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Quotes

Preface

"Is not this better," murmured he, "than what we dreamed of in the forest?" "I know not! I know not!" she hurriedly replied. "Better? Yea; so we may both die, and little Pearl die with us!" (23.18-23)

Chapter 1

But on one side of the portal, and rooted almost at the threshold, was a wild rosebush, covered, in this month of June, with its delicate gems, which might be imagined to offer their fragrance and...

Chapter 2

Stretching for the official staff in his left hand, he laid his right upon the shoulder of a young woman, whom he thus drew forward; until, on the threshold of the prison door, she repelled him, by...

Chapter 3

It was whispered, by those who peered after her, that the scarlet letter threw a lurid gleam along the dark passageway of the interior. (3.33)

Chapter 4

“Why dost thou smile so at me?” inquired Hester, troubled at the expression of his eyes. “Art thou like the Black Man that haunts the forest round about us? Hast thou enticed me i...

Chapter 5

They averred that the symbol was not mere scarlet cloth tinged in an earthly dyepot, but was red-hot with infernal fire, and could be seen glowing all alight whenever Hester Prynne walked abroad in...

Chapter 6

The unlikeliest materials—a stick, a bunch of rags, a flower—were the puppets of Pearl’s witchcraft, and, without undergoing any outward change, became spiritually adapted to what...

Chapter 7

But the proprietor appeared already to have relinquished as hopeless the effort to perpetuate on this side of the Atlantic, in a hard soil and amid the close struggle for subsistence, the native En...

Chapter 8

“Wilt thou go with us tonight? There will be a merry company in the forest; and I well-nigh promised the Black Man that comely Hester Prynne should make one.” (8.39)

Chapter 9

For the sake of the minister’s health, and to enable the leech to gather plants with healing balm in them, they took long walks on the seashore or in the forest; mingling various talk with th...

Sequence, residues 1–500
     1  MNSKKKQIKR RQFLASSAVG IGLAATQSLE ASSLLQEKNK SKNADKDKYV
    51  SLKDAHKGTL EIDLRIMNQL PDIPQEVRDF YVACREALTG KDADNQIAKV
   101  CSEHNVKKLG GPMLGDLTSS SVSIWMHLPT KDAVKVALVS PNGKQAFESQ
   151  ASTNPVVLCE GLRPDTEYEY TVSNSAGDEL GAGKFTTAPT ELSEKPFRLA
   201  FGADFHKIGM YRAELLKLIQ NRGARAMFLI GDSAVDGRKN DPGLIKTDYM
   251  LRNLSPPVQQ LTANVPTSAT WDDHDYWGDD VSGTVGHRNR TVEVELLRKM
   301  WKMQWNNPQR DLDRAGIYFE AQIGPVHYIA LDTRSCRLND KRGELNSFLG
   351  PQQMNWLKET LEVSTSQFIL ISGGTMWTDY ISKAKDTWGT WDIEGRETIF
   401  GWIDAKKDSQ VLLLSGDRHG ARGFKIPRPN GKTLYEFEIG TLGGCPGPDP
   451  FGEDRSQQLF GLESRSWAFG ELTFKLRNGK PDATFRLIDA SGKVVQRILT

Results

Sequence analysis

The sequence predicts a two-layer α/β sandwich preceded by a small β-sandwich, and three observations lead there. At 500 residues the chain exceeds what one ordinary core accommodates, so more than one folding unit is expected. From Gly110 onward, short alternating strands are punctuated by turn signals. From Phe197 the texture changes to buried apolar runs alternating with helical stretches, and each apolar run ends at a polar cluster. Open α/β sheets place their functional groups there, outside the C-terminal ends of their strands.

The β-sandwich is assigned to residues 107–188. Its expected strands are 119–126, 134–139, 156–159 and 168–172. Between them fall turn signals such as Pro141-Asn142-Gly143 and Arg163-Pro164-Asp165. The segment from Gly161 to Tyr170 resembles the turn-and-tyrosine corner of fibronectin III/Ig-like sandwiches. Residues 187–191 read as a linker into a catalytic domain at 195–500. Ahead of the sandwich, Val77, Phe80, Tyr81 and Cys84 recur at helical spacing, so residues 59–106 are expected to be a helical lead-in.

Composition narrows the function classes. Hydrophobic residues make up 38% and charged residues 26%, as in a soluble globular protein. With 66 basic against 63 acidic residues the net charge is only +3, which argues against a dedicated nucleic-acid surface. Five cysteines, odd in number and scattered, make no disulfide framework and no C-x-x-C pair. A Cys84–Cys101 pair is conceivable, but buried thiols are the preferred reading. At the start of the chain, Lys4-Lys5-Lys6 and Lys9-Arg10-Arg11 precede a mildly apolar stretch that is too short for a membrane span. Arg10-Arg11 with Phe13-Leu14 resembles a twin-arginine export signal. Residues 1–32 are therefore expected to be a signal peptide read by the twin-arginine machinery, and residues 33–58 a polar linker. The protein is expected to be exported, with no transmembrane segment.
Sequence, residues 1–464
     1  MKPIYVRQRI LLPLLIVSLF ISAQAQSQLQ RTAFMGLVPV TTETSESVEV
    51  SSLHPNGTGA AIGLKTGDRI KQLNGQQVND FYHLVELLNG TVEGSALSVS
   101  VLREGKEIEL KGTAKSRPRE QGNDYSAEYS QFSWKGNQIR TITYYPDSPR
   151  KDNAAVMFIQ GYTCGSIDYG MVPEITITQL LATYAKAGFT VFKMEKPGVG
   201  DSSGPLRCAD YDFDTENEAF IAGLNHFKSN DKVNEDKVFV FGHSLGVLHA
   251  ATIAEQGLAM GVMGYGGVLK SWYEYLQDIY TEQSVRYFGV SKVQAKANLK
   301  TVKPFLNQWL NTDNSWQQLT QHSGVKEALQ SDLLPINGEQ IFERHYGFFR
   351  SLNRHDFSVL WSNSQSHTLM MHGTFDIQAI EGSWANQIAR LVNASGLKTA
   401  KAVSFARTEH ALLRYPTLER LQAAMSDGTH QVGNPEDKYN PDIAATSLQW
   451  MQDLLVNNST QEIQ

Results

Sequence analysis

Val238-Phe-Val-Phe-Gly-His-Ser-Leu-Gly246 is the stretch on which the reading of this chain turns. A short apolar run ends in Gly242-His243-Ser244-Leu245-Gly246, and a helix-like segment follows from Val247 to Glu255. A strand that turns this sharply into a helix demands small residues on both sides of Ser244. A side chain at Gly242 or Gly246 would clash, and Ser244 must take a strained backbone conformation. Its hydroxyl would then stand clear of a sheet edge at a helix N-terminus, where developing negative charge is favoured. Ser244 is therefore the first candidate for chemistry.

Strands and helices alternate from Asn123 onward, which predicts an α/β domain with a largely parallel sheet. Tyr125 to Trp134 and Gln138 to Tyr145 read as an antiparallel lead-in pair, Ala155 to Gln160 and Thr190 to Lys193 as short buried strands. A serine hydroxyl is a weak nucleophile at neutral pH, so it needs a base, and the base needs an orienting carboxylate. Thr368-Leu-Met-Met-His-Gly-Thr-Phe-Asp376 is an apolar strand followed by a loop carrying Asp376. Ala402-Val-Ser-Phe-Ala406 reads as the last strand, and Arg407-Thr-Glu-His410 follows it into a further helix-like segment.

Chapter 11

The intellect of Roger Chillingworth had now a sufficiently plain path before it. It was not, indeed, precisely that which he had laid out for himself to tread. Calm, gentle, passionless, as he app...

Chapter 12

It was, indeed, a majestic idea that the destiny of nations should be revealed, in these awful hieroglyphics, on the cope of heaven. A scroll so wide might not be deemed too expansive for Providenc...

Chapter 13

Yet, had little Pearl never come to her from the spiritual world, it might have been far otherwise. Then, she might have come down to us in history, hand in hand with Ann Hutchinson, as the foundre...

Chapter 14

“Peace, Hester, peace!” replied the old man, with gloomy sternness. “It is not granted me to pardon. I have no such power as though tallest me of. (…) Ye that have wronged m...

Chapter 15

Would he not suddenly sink into the earth, leaving a barren and blasted spot, where, in due course of time, would be seen deadly nightshade, dogwood, henbane, and whatever else of vegetable wickedn...

Chapter 16

Pearl resembled the brook, inasmuch as the current of her life gushed from a wellspring as mysterious, and had flown through scenes shadowed as heavily with gloom. But, unlike the little stream, sh...

Chapter 17

"Thou shalt forgive me!" cried Hester, flinging herself on the fallen leaves beside [Dimmesdale]. "Let God punish! Thou shalt forgive!" (17.18).

Chapter 18

Were such a man once more to fall, what plea could be urged in extenuation of his crime? None; unless it avail him somewhat, that he was broken down by long and exquisite suffering; that his mind w...

Chapter 19

"Doth he love us?" said Pearl, looking up with acute intelligence into her mother's face. "Will he go back with us, hand in hand, we three together, into the town?" "Not now, dear child," answered...

Chapter 21

Children have always a sympathy in the agitations of those connected with them; always, especially, a sense of any trouble or impending revolution, of whatever kind, in domestic circumstances; and...

Chapter 22

She thought of the dim forest, with its little dell of solitude, and love, and anguish, and the mossy tree-trunk, where, sitting hand in hand, they had mingled their sad and passionate talk with th...

Chapter 23

"Thou hast escaped me!" [Chillingworth] repeated more than once. "Thou hast escaped me!""May God forgive thee!" said the minister. "Thou, too, hast deeply sinned!" (23.28-29)

Chapter 24

At old Roger Chillingworth's decease (which took place within the year), and by his last will and testament, of which Governor Bellingham and the Reverend Mr. Wilson were executors, he bequeathed a...
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